While London offers no shortage of cutting-edge contemporary restaurants, diners are also spoiled for choice at its more timeless eateries.
In recent years, London’s dining scene has improved dramatically, to the point where many food critics, chefs and seasoned travellers reckon it’s one of the best places on the planet to eat.
This is due, in large part, to the tantalising choice on offer, from ritzy restaurants flaunting Michelin stars to pop-ups promoting the latest foodie fads. And with residents from more than 200 countries — many in the restaurant business — you can munch your way across the globe, from Afghanistan to Zambia, without leaving the city.
Despite all this, there remains for me something alluring about London’s defiantly old-school eateries — the ones that have been around for yonks, more or less unmoved by the city’s culinary evolution. Catering to a loyal clientele (plus a few celebrities, neighbourhood newcomers and curious tourists), they’re characterised by their classic decor, trusty, affordable menus and earthy Cockney vibes. These stalwarts scatter the British capital but East London, traditionally the city’s working-class heartland and now its most rapidly gentrifying area, boasts some especially notable establishments.
Places like F. Cooke, for example. A fourth-generation vendor of that iconic London dish — pie, mash and eels — it’s on Broadway Market, which runs between London Fields park and Regent’s Canal in Hackney.
We’re here on Saturday, when this street — lined with trendy cafes, delis and pubs — hosts its weekly market. Skipping by the stalls that sell everything from pungent French cheeses to Polish pierogi, we enter this down-to-earth joint with a sawdust-sprinkled floor, wooden benches, marble-top tables and vintage tiled wall decorations, including a poster advertising a boxing card from 1972 featuring East End pugilist John H Stracey.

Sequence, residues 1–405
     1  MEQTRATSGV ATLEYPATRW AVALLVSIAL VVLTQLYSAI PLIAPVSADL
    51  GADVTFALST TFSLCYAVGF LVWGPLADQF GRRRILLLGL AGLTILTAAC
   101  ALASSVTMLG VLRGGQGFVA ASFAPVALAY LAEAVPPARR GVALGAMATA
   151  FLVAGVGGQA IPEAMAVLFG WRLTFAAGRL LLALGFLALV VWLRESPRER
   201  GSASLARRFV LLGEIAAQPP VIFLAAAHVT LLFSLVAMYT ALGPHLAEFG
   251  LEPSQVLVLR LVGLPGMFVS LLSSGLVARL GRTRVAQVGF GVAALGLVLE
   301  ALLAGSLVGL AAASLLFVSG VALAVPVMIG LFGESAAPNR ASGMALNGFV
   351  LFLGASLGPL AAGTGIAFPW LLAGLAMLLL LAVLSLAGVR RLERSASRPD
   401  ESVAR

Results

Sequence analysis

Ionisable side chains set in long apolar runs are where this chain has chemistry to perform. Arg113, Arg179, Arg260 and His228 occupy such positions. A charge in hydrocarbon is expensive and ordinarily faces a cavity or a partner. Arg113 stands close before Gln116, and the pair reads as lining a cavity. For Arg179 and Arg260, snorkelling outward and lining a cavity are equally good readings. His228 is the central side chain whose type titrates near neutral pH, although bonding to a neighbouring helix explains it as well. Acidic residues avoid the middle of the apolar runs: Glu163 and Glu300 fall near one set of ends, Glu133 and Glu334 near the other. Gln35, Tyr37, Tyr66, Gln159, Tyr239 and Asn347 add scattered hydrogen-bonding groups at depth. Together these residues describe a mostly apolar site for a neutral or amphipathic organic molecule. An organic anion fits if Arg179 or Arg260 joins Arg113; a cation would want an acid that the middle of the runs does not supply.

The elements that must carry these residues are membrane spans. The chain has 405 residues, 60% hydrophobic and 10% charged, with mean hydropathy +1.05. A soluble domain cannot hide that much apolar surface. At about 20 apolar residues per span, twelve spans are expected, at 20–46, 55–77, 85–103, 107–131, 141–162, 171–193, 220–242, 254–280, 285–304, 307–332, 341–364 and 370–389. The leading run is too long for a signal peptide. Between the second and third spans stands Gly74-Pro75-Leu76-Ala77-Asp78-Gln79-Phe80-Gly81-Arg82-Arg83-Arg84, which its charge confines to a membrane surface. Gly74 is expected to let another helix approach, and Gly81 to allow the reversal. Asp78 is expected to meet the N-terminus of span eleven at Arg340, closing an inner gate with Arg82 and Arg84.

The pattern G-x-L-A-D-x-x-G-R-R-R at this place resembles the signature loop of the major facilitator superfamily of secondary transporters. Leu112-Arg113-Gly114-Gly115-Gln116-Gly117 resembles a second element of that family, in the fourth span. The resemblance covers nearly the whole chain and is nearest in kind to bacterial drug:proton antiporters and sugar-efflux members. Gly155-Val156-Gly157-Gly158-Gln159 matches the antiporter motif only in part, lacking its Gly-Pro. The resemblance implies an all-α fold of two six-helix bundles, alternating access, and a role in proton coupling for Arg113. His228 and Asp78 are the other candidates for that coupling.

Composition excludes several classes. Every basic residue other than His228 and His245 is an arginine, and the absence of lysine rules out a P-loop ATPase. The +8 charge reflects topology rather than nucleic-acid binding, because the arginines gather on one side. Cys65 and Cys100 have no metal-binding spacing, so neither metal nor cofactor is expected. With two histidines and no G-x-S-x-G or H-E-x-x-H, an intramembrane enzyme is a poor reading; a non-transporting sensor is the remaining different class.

Manning the counter is Bob Cooke, who was born above the shop and is continuing a business set up by his great- grandfather in the days of Queen Victoria. We order some of Bob’s tasty handmade pies: minced beef, enveloped in shortcrust pastry, with mashed potatoes coated in liquor (a parsley sauce).
We eschew a side of hot jellied eels (a staple dish for Victorian-era Londoners, but not so in demand these days). An antique sign touts the benefits of eel consumption, while the sawdust on the floor is apparently to prevent it becoming slippery from discarded bones. Including mugs of tea, our lunch costs about $10 for two (the same price as the pair of dainty cakes we then purchase from a Broadway Market stall for dessert).
Another day, we breakfast at E Pellicci. A five-minute walk from Bethnal Green Tube station, it’s not your typical greasy spoon. The infamous Kray twins, who lived nearby, were past customers of Pellicci’s, while in more recent times Liam Gallagher, Robbie Williams and the cast of EastEnders have been served. The venue also has Grade II listed status from English Heritage thanks to its Art Deco-style, wood-panelled interior crafted in 1946 by local carpenter Achille Capocci.
Run by the Pellicci family since the turn of the 20th century, the cafe hasn’t forgotten its Italian roots and serves lasagne and pasta, as well as pretty decent espresso coffee.
But, like most punters this morning, we plump for the full English — a hearty melange of sausage, bacon, eggs, tomato, mushrooms and fried toast. It’s flavoursome and filling, and adding to the appeal is the good-natured banter between the Pelliccis and their customers. For example, I’m called a “tight old git” when I ask my partner to pay our bill, having forgotten my bank card.
Later, after wandering around Whitechapel and Shoreditch, two of East London’s most happening locales, we pop to Beigel Bake. Founded in 1974 on Brick Lane — a strip, not far from Liverpool Street station, crammed with curry houses and cafes and bars — it’s open around the clock and entices with its fresh bagels loaded with ingredients such as hot salt beef and smoked salmon with cream cheese. Most people take away but you can eat while leaning on the ledge by the mirrored wall, watching the steady stream of peckish people — young and old, fashion-conscious and couldn’t-care-less — flowing in.
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